Streaming services are killing cable and satellite TV

The media ecosystem is undergoing a massive change as streaming video looks to extend its recent dominance over traditional distribution, according to research firm MoffettNathanson, which wrote that a large minority of cable consumers could cut their subscriptions in coming years.

“The video market is in full disruption and this year could be the cord cutting tipping point,” analyst Michael Nathanson wrote to clients. “Media companies will need to master a whole new suite of skill sets to win going forward,” with content creation, user interfaces and “churn mitigation strategies” among the factors that could determine the next generation of winners in the market.

Consumers have been abandoning traditional media bundles for years, instead looking to services like Netflix Inc. or Walt Disney Co.’s recently launched Disney+ service, which has signed up more than 10 million subscribers since launching in November.

Streaming services have made in-roads into a number of major categories of video entertainment, including TV shows and movies.

In a measure of how big streaming has become, Wells Fargo Securities wrote that between November 17-23, “The Mandalorian,” a series from Disney+ set in the “Star Wars” universe, was the “most in-demand show in OTT and overall on a linear+OTT basis.”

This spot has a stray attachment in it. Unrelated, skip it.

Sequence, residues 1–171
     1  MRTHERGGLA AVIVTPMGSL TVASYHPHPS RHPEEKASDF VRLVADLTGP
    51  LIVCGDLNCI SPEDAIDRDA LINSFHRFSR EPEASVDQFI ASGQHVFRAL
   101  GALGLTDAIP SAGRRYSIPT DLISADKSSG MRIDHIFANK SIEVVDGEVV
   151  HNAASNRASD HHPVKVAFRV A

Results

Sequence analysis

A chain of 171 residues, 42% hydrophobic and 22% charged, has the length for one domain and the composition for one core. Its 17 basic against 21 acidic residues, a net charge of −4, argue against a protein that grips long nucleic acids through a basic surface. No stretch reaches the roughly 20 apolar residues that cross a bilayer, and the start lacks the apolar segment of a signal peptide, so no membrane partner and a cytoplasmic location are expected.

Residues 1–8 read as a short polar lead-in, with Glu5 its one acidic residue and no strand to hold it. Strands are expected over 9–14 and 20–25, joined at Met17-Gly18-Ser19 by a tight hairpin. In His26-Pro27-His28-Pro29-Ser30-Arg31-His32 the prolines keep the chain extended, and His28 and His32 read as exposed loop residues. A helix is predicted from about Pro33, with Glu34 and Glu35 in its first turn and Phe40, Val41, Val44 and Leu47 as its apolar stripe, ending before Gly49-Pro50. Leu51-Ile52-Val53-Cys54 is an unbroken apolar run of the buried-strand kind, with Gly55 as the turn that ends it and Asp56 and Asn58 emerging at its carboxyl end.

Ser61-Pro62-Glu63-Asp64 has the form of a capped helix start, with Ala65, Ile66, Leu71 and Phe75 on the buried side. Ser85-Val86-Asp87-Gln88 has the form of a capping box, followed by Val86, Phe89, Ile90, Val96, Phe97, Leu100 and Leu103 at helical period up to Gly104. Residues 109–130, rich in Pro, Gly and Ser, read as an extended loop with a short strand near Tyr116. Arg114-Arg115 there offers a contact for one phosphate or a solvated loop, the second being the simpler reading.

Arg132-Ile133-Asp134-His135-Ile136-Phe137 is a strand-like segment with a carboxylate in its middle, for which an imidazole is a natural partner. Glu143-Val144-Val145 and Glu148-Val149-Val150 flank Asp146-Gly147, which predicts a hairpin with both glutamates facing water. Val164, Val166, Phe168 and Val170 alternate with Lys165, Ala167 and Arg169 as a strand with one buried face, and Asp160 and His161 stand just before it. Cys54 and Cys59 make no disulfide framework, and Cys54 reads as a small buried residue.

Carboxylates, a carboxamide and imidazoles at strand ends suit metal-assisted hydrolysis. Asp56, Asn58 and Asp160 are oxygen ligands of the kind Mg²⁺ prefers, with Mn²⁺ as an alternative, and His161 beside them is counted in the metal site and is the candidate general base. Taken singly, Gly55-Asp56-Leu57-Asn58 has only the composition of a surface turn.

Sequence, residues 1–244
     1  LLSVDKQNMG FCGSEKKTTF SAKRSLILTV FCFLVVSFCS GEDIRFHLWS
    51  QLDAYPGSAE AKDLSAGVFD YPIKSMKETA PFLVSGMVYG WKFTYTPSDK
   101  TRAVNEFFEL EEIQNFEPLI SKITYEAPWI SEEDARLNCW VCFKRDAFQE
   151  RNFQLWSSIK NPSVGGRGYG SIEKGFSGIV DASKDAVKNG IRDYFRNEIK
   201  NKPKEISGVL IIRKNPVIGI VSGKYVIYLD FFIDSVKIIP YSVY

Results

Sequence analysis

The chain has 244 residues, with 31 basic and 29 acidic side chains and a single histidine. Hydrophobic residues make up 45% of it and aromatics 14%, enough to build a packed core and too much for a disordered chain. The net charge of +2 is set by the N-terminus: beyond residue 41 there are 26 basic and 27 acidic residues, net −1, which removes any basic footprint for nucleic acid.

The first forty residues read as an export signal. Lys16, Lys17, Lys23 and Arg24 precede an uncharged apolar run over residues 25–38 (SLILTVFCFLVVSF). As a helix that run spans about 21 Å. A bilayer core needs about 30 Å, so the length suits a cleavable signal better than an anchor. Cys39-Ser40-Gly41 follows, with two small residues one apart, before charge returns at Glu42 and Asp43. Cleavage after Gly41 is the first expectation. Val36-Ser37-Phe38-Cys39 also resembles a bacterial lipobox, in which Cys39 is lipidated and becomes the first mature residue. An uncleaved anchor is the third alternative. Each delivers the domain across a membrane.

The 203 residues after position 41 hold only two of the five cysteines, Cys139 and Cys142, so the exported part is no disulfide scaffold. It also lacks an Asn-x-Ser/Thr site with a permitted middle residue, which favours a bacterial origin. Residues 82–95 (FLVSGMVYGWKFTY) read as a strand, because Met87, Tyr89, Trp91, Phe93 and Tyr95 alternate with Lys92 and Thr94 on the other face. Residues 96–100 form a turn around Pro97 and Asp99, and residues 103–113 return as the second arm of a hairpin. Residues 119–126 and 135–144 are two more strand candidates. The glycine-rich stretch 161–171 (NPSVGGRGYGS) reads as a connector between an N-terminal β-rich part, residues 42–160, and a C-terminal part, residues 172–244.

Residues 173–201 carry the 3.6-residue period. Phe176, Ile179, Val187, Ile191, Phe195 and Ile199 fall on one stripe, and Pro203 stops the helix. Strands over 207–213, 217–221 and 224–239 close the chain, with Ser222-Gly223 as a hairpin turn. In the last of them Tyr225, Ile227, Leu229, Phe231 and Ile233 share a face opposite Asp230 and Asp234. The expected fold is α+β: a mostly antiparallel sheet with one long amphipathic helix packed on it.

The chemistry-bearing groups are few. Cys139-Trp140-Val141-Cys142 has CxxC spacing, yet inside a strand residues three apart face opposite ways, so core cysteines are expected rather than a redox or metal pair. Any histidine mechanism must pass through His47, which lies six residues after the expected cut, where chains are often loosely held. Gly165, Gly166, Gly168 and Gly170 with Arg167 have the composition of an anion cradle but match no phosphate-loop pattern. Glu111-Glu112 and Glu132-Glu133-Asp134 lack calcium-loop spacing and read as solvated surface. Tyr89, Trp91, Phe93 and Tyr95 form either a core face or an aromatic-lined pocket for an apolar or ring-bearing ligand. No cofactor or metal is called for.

OTT stands for “over the top” content, which bypasses cable boxes. Linear TV airs at set times, as opposed to being on-demand, as with streaming. The firm cited data from Parrot Analytics in its report, which was dated Nov. 29.

Geetha Ranganathan, an analyst at Bloomberg Intelligence, on Monday said that streaming was “absolutely” contributing to a weak overall U.S. box office in 2019. “This becomes a bigger problem next year especially with a weaker slate (absence of big franchises from Disney) and the streaming wars going into high gear,” she said in an interview.

Live entertainment, especially sports, has proved to be something of an exception to this trend.

MoffettNathanson called sports viewers “the most entrenched” among those who continue to pay for traditional TV subscriptions. Citing work with analytics firm Altman Vilandrie & Co., he estimated that regular sports viewers made up 60% of current TV subscribers.

They make up “the potential floor for the pay TV ecosystem, as long as the major sports leagues’ rights remain exclusive to the pay TV bundle.” He added, “that leaves 40% of today’s Pay TV universe at risk” over the next five years.

As part of its call, MoffettNathanson reiterated its sell ratings on both AT&T Inc. and Dish Network, while recommending investors buy Disney shares.

Among the biggest beneficiaries of the trend in 2019 has been Roku Inc., which acts as a service-agnostic platform for streaming content. The stock has more than quadrupled thus far this year, rising amid the “exuberance over all things streaming,” according to Morgan Stanley.

The firm downgraded Roku on Monday, writing that while it was bullish on the company’s growth prospects, the risk profile looked “skewed to the downside” after the 2019 surge.

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Streaming services are killing cable and satellite TV